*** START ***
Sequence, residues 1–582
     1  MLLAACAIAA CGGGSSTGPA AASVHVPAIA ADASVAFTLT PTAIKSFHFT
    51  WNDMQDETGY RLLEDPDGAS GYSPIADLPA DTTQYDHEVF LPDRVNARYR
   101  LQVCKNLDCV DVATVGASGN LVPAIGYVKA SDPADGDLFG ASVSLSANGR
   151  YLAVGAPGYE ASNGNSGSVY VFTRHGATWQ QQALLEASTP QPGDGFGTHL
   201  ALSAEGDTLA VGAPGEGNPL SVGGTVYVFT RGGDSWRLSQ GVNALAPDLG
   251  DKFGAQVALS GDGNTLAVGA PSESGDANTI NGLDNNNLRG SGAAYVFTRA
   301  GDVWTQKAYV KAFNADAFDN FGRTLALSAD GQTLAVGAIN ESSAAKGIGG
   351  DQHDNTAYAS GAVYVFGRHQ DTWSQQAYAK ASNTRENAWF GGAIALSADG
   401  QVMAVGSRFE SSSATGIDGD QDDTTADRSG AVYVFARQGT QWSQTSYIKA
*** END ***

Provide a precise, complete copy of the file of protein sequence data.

Sequence, residues 1–582
     1  MLLAACAIAA CGGGSSTGPA AASVHVPAIA ADASVAFTLT PTAIKSFHFT
    51  WNDMQDETGY RLLEDPDGAS GYSPIADLPA DTTQYDHEVF LPDRVNARYR
   101  LQVCKNLDCV DVATVGASGN LVPAIGYVKA SDPADGDLFG ASVSLSANGR
   151  YLAVGAPGYE ASNGNSGSVY VFTRHGATWQ QQALLEASTP QPGDGFGTHL
   201  ALSAEGDTLA VGAPGEGNPL SVGGTVYVFT RGGDSWRLSQ GVNALAPDLG
   251  DKFGAQVALS GDGNTLAVGA PSESGDANTI NGLDNNNLRG SGAAYVFTRA
   301  GDVWTQKAYV KAFNADAFDN FGRTLALSAD GQTLAVGAIN ESSAAKGIGG
   351  DQHDNTAYAS GAVYVFGRHQ DTWSQQAYAK ASNTRENAWF GGAIALSADG
   401  QVMAVGSRFE SSSATGIDGD QDDTTADRSG AVYVFARQGT QWSQTSYIKA